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Discussion Starter #1
I am going to build a spare distributor for my B20 competition motor. I have a number of old units I have accumulated over the years, but never looked closely at them. Of the three in stock, no two are the same. My question: Are any of these useable?<p>The original distributor is from a B20B (vacuum retard!) that has been converted to electronic (Crane system). The vacuum system isn't used. No Volvo part number, but the Bosch number is JFUR 4 and the part #0 231 146 099.<p>Two others are on my bench:<p>JGFU 4 (0 327 002 002) appears to be an old Bosch "pointless" system and has a vacuum advance. Will probably be hard to convert this one, since it has no base plate.<p>JFR 4 (0 231 153 003) is an oldie and has no vacuum advance/retard system at all, and would be a good candidate for conversion.<p>The devil is in the details: What are the advance curves? How do I find out?<p>Any guidance is welcome.<p>Thanks,<p>Doug Mepham<br>Belleville, Ontario, Canada
 

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Re: Distributors for B20s (mepham)

Depends very greatly on what your "competition" motor wants, and how you intend to use it. A serious high-performance B20 may very well want MORE advance at idle than at full-throttle redline. If your intended use involves a lot of full throttle and high revs, you probably want very little advance from a purely centrifugal distributor. You'll have to modify the curve on any of the stock distributors, and doesn't much matter which one you start with.<p>A good solution that gives you a lot more flexibility is to use a vacuum advance dizzy. If you can find a VJU4BL33 from an early B18 (typically from a 544), that's a good candidate to refurbish.<p>My burliest B20 gets best peak power at 29 degrees BTDC (full throttle = no vac advance), which is only 7 BTDC at idle with the vacuum disconnected... but it's not disconnected -- it's plumbed to the manifold, so it idles nicely at 30 BTDC with the vac advance full on.<p>Again, it's all going to depend on how your engine is modified.
 

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Re: Distributors for B20s (Phil Singher)

(cooked this up before reading Phil's better post)<p>If this will be a spare what distributor is to be in the B20?<p>The 003 is a good candidate if you need no vacuum control and will not employ active spark control. The weights can be changed but most folks just run different springs for different advance curves. This setup is vulnerable to worn components and has limits at higher rpm's.<p>The aftermarket has bolt-in distributors for the B20 which compliment the engine management system employed.<p><A HREF="http://1800philes.com/splitting_hairs.html" TARGET="_blank">http://1800philes.com/splitting_hairs.html</A><p><A HREF="http://1800philes.com/engine_article.html" TARGET="_blank">http://1800philes.com/engine_article.html</A><p><A HREF="http://www.v-performance.com/recent.html" TARGET="_blank">http://www.v-performance.com/recent.html</A><p><A HREF="http://turbobricks.com/feature.php?content=winter_05" TARGET="_blank">http://turbobricks.com/feature...er_05</A><p>George Dill<br>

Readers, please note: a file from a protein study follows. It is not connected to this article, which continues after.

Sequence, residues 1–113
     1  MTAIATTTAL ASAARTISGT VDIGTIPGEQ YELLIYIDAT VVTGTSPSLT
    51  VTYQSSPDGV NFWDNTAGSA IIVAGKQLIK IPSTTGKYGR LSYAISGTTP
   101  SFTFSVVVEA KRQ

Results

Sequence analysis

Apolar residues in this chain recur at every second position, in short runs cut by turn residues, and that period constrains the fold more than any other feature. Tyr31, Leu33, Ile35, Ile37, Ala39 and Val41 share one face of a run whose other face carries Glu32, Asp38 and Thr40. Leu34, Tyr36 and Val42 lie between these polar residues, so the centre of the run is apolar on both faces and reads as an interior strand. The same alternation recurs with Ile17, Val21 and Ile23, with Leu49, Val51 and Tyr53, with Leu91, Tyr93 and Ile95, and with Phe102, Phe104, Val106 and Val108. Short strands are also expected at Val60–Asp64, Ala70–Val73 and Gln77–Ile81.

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Re: Distributors for B20s (gdill2)

Thanks to you both.<p>Distributor is in a 142S rally car. Current model is a JFUR 4 0 231 146 099. It is not used with a vacuum advance, and timing varies depending on the cylinder head (CR) and other details but never more than about 30-degrees total advance. It will go back in the car; this task for me is to build a spare.<p>I am curious about your suggestion about higher initial advance: I have had the mechanical advance 'hang' and not retard when it should with unfortunate results.<p>I assume from your responses that either of the other distributors will work. Both have bearings and other mechanicals that are in good shape. Interestingly, I also have a VJU 4 BL33 in the bin (early B18, I believe) and considered it a candidate to be the spare but concentrated on the later versions. I will dig it out and look at it. <p>Any other advice?<p>Thanks<br>
 

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Re: Distributors for B20s (mepham)

<A HREF="http://performance.drivewire.com" TARGET="_blank">http://performance.drivewire.com</A>/<br>
 

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Re: Distributors for B20s (mepham)

<TABLE WIDTH="90%" CELLSPACING=0 CELLPADDING=0 ALIGN=CENTER><TR><TD><i>Quote, originally posted by <b>mepham</b> »</i></TD></TR><TR><TD CLASS="quote">I am curious about your suggestion about higher initial advance: I have had the mechanical advance 'hang' and not retard when it should with unfortunate results.</TD></TR></TABLE><p>Not higher static timing -- it's the vacuum that runs up the timing at idle with the throttles closed. With lots of overlap in the cam and big chokes in the Webers on mine, burn rate is really slow, so it wants all that advance to idle smoothly. There's not enough vacuum when cranking the engine to advance the timing enough to kick back on the starter.<p>When you open the throttles coming off idle, the timing retards until RPMs come up enough for the mechanical advance to take over. Pinging at lower engine speeds is therefore not a problem.<p>Once it comes up on the cam and there's enough flow to warrant the choke size, VE and burn rate increase drastically, and it needs less advance than a stock motor.<p>You can adjust the length of the rod that goes between the vacuum module and the breaker plate to limit the amount of vac advance possible.